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RFK: Thanks for the memories; Nats acquire Lefave from Brewers as PTBN

Small bit of news to start: The player to be named in the Ray King-to-Milwaukee trade of Sept. 4 is South Atlantic League batting champ Andrew Lefave, a 1B/OF. He hit .345 with 17 homers and 25 doubles for Class A West Virginia this season. Among minor league players with at least 350 at-bats, he ranked second in batting average this year. Lefave, 23, was a non-drafted free agent who signed with the Brewers last year. This gives them a first baseman for Class AA Harrisburg next year, potentially, if Josh Whitesell moves up to Class AAA Columbus.

Moving on.

So those of you who stopped by the chat the other day know I posed this question there, but I think it'd be a particularly good topic for today - and for this group.

Tonight, the final baseball homestand at RFK Stadium begins, 10 games against the Braves, Phillies and Mets - all technically, I suppose, still in the playoff race. The players' feelings about the place were outlined here in the $.35 edition, but I suspect some folks around here have some more romantic notions. (In case you didn't see it, the Nationals would like to usher in their new stadium in grand fashion on national TV.)

How many of you went to games at RFK before it was RFK, back when it was D.C. Stadium? How many of you went to Senators games there in the late 60s and early 70s?

Chime in with that. But I'll also give you my top five RFK moments from the last three seasons, the time since baseball returned to Washington. See if they match yours - and if not, offer alternatives.

5. Ortiz nearly no-hits Cardinals, hits homer, Sept. 4, 2006 - I don't think I've really discussed what a good guy Ramon Ortiz was. Always a smile on his face, and despite being a mediocre pitcher, a competitor. The guy really worked at it. He was just a bit of a spaz.

That day, Labor Day, a year ago was pretty special. He spent most of it shaking off catcher Brian Schneider, going into the ninth inning with a no-hitter. He drilled a homer in the eighth, the first of his career, and that may have actually cost him the no-hitter, because he flew around the bases. When that ball left the park, GM Jim Bowden began throwing pieces of paper out of the window of his box - throwing up his hands at the absurdity of it all. Aaron Miles broke up the bid with a clean, leadoff single in the ninth. He was erased on a double play, and Albert Pujols hit a homer that drove Ortiz from the game.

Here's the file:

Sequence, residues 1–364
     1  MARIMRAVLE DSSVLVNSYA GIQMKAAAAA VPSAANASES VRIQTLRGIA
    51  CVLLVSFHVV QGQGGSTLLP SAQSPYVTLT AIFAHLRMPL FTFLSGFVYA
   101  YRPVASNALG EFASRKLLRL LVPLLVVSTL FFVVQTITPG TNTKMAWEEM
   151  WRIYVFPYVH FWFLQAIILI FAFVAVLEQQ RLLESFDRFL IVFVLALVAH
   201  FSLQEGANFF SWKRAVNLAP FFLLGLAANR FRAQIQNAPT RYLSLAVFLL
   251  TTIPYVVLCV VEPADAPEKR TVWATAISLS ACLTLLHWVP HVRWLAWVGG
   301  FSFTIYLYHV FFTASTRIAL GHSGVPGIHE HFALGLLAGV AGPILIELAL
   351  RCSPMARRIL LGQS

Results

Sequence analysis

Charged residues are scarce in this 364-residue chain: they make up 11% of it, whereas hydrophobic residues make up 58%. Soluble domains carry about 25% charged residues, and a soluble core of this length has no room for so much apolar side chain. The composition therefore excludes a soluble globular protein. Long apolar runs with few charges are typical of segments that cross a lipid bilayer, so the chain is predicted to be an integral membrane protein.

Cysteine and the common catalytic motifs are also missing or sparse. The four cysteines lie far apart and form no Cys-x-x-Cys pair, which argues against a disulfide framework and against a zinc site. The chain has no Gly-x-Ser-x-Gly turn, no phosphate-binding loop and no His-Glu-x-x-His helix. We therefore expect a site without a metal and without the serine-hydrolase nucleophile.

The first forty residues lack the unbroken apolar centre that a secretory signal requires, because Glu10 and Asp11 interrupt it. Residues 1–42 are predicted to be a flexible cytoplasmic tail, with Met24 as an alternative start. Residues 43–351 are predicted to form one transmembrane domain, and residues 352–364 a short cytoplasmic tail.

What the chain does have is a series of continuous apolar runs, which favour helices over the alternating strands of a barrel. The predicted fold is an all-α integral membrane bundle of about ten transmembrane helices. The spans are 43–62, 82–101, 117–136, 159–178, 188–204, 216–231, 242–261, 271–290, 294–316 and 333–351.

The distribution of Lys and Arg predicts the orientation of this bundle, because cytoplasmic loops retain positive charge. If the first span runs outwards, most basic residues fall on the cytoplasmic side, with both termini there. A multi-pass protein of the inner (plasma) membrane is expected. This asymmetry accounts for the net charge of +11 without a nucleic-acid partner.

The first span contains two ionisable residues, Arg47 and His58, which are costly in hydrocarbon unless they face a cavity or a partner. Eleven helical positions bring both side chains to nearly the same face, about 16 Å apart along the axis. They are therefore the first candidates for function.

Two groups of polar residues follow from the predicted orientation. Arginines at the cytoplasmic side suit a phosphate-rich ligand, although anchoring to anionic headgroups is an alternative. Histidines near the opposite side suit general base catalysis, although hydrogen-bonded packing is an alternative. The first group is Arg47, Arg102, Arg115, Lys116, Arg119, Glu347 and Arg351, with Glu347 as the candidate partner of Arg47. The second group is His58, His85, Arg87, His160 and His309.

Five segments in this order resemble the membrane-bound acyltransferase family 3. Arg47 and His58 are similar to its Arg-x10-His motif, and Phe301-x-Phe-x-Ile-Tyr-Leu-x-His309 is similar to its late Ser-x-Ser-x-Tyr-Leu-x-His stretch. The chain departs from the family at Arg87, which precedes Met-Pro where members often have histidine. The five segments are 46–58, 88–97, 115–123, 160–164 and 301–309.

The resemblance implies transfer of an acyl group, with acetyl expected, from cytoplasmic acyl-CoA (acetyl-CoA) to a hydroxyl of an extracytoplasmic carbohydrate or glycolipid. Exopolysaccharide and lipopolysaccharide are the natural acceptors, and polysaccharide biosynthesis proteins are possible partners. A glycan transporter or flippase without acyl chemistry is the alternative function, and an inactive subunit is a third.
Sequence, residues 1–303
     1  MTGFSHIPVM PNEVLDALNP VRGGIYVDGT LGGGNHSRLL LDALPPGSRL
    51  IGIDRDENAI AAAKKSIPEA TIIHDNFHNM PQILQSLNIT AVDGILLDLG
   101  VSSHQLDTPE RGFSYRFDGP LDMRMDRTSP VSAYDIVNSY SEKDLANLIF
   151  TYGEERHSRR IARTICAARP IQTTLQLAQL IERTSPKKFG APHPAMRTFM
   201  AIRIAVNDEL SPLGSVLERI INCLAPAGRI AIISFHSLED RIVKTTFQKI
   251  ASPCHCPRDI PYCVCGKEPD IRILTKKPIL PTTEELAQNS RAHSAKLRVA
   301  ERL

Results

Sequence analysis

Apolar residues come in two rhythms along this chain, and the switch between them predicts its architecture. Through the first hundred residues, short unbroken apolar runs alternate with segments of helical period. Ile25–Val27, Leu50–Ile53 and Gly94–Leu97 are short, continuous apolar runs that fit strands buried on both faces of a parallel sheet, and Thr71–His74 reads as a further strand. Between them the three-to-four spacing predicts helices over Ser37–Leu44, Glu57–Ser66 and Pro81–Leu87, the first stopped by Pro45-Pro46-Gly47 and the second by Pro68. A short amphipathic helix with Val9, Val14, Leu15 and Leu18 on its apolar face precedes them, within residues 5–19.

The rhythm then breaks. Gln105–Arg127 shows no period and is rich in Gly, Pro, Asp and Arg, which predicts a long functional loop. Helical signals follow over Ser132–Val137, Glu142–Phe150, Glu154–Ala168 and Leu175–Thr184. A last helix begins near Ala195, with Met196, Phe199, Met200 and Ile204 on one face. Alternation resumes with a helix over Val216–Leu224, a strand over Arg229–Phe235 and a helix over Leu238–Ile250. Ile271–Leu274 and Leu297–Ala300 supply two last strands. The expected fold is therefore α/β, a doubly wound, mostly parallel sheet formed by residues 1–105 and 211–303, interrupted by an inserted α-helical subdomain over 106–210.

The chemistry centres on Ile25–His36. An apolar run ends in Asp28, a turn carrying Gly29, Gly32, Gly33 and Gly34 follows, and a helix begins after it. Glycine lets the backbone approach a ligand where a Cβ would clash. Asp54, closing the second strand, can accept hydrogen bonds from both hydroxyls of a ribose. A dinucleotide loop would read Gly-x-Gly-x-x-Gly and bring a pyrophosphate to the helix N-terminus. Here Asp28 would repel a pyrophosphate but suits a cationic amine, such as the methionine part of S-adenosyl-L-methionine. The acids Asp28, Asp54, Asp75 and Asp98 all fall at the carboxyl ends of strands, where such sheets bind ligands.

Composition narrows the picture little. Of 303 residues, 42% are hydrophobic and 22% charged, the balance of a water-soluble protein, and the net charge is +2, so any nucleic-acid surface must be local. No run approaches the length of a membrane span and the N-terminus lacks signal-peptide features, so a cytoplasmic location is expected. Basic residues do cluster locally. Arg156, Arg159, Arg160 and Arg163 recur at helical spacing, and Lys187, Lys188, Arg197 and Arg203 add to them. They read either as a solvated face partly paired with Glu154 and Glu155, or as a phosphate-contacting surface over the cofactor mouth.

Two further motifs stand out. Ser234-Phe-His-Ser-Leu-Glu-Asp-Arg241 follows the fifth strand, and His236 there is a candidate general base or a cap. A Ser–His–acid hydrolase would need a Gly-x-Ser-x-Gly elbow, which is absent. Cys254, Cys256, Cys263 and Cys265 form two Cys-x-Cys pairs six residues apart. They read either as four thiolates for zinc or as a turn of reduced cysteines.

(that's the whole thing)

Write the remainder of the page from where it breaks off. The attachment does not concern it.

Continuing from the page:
How unexpected was this: In his previous four starts, Ortiz was 0-3 with a 11.42 ERA. His ERA of 7.50 that August was the second-worst of any starter in baseball. But as Ortiz would say, "It's crazy, man."

4. 13-game homestand, May 30-June 12, 2005 - The Nationals salvaged the finale of a three-game series in St. Louis the day before (Livan Hernandez beating Chris Carpenter), and staggered home after a 2-7 road trip. They sat exactly at .500, 25-25, 50 games into their first season here.

What happened next couldn't have been forecast. The club went on an absolute tear, taking three of four from the Braves to start the homestand - then didn't lose the rest of it. They went 12-1, sweeping, in order, the Marlins, A's and Mariners. Their only loss during the stand was 5-4 to John Smoltz. Seven of the wins were by one run. Among the victorious pitchers - Tomo Ohka, Hector Carrasco, Sunny Kim, Tony Armas Jr., Esteban Loaiza - and, in an indication of how many late-inning comebacks there were, four for Luis Ayala. That began a remarkable June in which they went 20-6, seized first place in the NL East - and immediately preceded the trip to Anaheim to face the Angels, when Frank Robinson and Mike Scioscia went toe-to-toe (the series that I actually hold as the most memorable since baseball returned).

3. Night becomes morning, Sept. 28, 2006 - The Phillies and Nationals needed to play this game, the last of a three-game series, because Philadelphia was still in a pennant race and there were no more dates available on the calendar. So the teams waited out a 4-hour, 27-minute rain delay for first pitch - which came at 11:32 p.m. Washington fielded a lineup that included leadoff man Bernie Castro and left fielder George Lombard - yet beat the Phillies, 3-1. The game started on Ryan Zimmerman's 22nd birthday, but finished at 2:07 a.m. on the 29th. A bizarre sight at the end of the game, when there were only a few dozen fans left. The club allowed people who came to the park at midnight or so to come in for free. The Phillies, somehow, flew to Florida and beat the Marlins the following day.